Significant efforts are needed in relation to solid waste management and control of chemicals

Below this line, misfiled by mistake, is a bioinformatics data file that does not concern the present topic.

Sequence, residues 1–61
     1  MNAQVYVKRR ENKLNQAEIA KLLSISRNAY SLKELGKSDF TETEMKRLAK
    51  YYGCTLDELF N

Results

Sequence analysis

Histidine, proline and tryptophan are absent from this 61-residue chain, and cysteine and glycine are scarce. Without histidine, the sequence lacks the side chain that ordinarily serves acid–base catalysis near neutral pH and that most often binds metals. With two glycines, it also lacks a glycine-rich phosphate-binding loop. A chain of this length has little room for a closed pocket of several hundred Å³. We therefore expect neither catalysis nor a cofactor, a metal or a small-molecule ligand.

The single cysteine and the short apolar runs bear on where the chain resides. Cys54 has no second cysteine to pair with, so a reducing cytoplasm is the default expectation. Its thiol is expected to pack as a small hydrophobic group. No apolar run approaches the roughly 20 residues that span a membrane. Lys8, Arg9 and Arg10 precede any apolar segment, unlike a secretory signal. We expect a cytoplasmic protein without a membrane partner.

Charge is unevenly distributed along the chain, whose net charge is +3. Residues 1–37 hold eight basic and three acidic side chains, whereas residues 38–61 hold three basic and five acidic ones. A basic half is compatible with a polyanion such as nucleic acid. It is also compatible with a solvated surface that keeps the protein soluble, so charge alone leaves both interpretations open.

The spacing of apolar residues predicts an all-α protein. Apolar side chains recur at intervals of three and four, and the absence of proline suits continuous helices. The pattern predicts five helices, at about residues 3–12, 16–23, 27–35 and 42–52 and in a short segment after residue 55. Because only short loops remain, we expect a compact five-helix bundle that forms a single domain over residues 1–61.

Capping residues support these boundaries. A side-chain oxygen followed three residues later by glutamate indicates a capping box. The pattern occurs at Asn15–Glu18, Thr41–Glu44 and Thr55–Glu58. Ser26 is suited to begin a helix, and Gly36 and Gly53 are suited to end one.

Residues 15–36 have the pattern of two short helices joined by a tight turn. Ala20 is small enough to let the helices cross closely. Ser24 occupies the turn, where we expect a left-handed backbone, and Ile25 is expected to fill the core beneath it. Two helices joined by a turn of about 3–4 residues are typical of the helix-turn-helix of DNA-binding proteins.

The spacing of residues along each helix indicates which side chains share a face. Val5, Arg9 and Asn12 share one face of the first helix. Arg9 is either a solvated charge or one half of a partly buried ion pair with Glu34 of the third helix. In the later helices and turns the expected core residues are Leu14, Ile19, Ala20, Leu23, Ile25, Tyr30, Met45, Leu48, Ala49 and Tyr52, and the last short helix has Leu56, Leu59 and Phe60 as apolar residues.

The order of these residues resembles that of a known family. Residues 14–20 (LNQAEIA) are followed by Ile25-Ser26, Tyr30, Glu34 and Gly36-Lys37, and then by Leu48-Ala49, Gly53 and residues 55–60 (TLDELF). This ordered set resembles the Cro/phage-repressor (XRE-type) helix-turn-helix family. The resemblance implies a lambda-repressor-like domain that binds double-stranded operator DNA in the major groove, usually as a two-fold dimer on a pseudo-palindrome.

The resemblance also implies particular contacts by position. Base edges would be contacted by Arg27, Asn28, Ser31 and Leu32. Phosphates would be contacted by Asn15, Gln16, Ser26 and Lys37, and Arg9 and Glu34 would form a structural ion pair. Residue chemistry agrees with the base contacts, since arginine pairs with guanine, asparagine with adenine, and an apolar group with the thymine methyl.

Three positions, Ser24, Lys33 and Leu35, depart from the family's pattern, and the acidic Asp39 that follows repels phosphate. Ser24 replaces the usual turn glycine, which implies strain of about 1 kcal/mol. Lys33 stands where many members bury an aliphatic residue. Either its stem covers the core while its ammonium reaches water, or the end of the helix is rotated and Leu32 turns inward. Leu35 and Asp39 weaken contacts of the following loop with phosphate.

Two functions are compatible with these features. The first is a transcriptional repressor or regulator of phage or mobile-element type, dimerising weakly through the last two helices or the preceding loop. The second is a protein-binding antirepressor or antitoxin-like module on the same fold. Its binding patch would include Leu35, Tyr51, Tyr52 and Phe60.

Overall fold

Peru generates less than half the municipal solid waste per day per capita than the OECD average, which stands in contrast to its poor infrastructure for disposal and treatment. Almost half of all solid waste is improperly disposed of in illegal landfills, by uncontrolled burning or in water courses and the ocean. High tax arrears constrain waste collection by municipal authorities and limit their ability to make the necessary investments in proper collection, treatment and final disposal of waste. Rates need to be devised to guarantee municipal collection and cover the cost of services, while taking due account of social considerations. There have been positive developments: the General Solid Wastes Act seeks to ensure the proper management of waste and the Ministry of the Environment has implemented programmes and projects to support municipalities in modernisation schemes, waste separation at source, selective waste collection and investment in comprehensive waste management, although much remains to be done in terms of awareness-raising and separation at source, reuse and recycling. Certain steps have already been taken to extend the responsibility of producers in respect of electrical and electronic waste, but these need to be further developed. There is little information and only limited traceability with respect to non-municipal waste, which is handled by sectoral authorities.